Another unpleasant fact was that a lot of people were paralysed by this situation, and there were many who showd aggressiveness, insecurity, suspiciousness. I was approached by people with the worst intentions, coming out of nowhere, while I never had such problems, despite the fact that I was always exposed to the dangers of night work... I excluded people with whom we could no longer understand each other, and discuss simply. There was a lot of fascism and a lot of self-centeredness displayed when it was simply that every scared person could protect themselves and their own... Everyone has the right to disagree with me, but that's my truth. The clubs and venues, on the other hand, did not support any of our efforts to assert our rights, neither did those who built clientele from our own PR and support, nor those who used cut our pay and insurance.


Most people who came to our live shows had no idea what was happening to us. They were texting me to find out when I was playing when there were measures and circumstances that didn't allow that. They used to find out from me that we survived a year on zero income. We experienced great disappointment.


-Was the attitude of the state similar?

The state's attitude was commensurate with its quality.... Let me not elaborate. And I am not referring to parties. I am referring to the whole Parliament.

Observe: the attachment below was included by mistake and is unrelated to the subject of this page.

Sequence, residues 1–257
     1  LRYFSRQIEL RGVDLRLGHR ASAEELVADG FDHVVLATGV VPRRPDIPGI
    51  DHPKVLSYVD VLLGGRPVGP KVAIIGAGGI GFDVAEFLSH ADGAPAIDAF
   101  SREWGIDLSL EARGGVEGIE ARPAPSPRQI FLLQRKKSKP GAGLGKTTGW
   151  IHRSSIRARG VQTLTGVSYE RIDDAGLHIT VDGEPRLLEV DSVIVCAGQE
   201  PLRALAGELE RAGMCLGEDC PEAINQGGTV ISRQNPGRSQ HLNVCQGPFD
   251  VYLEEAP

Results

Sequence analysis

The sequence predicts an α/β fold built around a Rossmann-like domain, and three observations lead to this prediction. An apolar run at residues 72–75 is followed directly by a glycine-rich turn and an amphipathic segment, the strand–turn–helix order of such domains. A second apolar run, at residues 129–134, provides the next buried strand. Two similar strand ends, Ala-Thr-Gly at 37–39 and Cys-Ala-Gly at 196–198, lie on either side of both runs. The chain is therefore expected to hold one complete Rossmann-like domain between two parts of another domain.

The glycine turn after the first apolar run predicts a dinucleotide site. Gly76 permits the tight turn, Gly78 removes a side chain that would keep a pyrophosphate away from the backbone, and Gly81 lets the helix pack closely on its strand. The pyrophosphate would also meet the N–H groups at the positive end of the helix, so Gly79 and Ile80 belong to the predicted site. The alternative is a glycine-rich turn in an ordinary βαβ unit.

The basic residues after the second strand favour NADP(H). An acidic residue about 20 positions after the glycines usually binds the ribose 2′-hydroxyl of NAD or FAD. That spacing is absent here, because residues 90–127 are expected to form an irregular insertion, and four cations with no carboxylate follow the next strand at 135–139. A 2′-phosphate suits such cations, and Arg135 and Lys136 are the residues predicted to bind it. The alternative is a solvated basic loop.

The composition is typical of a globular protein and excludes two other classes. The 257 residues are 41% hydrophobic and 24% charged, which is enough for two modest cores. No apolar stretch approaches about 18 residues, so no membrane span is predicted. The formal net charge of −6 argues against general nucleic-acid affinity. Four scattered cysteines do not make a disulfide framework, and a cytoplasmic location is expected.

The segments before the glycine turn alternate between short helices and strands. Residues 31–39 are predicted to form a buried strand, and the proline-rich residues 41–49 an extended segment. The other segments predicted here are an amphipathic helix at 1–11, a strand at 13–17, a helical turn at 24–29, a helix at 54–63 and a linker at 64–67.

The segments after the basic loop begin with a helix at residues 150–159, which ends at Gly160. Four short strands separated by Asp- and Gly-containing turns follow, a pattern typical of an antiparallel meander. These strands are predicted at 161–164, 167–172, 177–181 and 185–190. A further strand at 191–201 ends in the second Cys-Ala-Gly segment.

-How do you judge the government's handling of compulsory vaccinations?

Extremely regimented! And I do not deny the existence of coronaviruses. They always existed. I went through it myself, experienced it as common flu. Nor do I belong to anti-vaccine movements. No one has the right to impose these experiments on anyone. As long as we are still a Democratic state... Most of the taxes we pay as citizens are charged to ensure our basic human rights. These are violated by such practices by the "puppets" of every state. Unacceptable. The Supreme Court of America recently officially stated that human rights no longer belong to anyone who received these injections. And the official explanation? That human rights belong to certain DNA, and these particular formulations interfered with that.

The official source is: https://www.supremecourt.gov/opinions/12pdf/12-398_1b7d.pdf.

Let's not elaborate on the problems of the protection that vaccines ultimately fail to provide, the deadly side effects that are not announced in the pop media, and the heavy financial interests of the huge cartels and lobbies that instigate government decisions. Let everyone do their research and finally shut down the TV, which is illegally paid handsomely to advertise them...